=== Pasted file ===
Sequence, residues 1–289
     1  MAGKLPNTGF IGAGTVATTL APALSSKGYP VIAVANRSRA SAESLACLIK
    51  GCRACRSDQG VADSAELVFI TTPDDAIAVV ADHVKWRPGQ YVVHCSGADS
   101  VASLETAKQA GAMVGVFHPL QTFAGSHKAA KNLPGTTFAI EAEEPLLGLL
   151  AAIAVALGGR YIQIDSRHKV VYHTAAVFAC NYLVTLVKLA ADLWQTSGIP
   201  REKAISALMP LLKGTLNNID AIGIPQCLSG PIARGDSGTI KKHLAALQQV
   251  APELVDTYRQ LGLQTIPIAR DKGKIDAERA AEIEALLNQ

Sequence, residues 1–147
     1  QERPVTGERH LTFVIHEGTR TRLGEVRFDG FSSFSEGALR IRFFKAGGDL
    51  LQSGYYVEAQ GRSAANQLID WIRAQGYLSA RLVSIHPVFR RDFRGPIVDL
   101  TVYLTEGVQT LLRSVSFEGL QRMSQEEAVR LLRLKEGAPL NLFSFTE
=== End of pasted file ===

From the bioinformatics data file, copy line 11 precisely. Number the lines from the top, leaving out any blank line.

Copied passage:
   101  TVYLTEGVQT LLRSVSFEGL QRMSQEEAVR LLRLKEGAPL NLFSFTE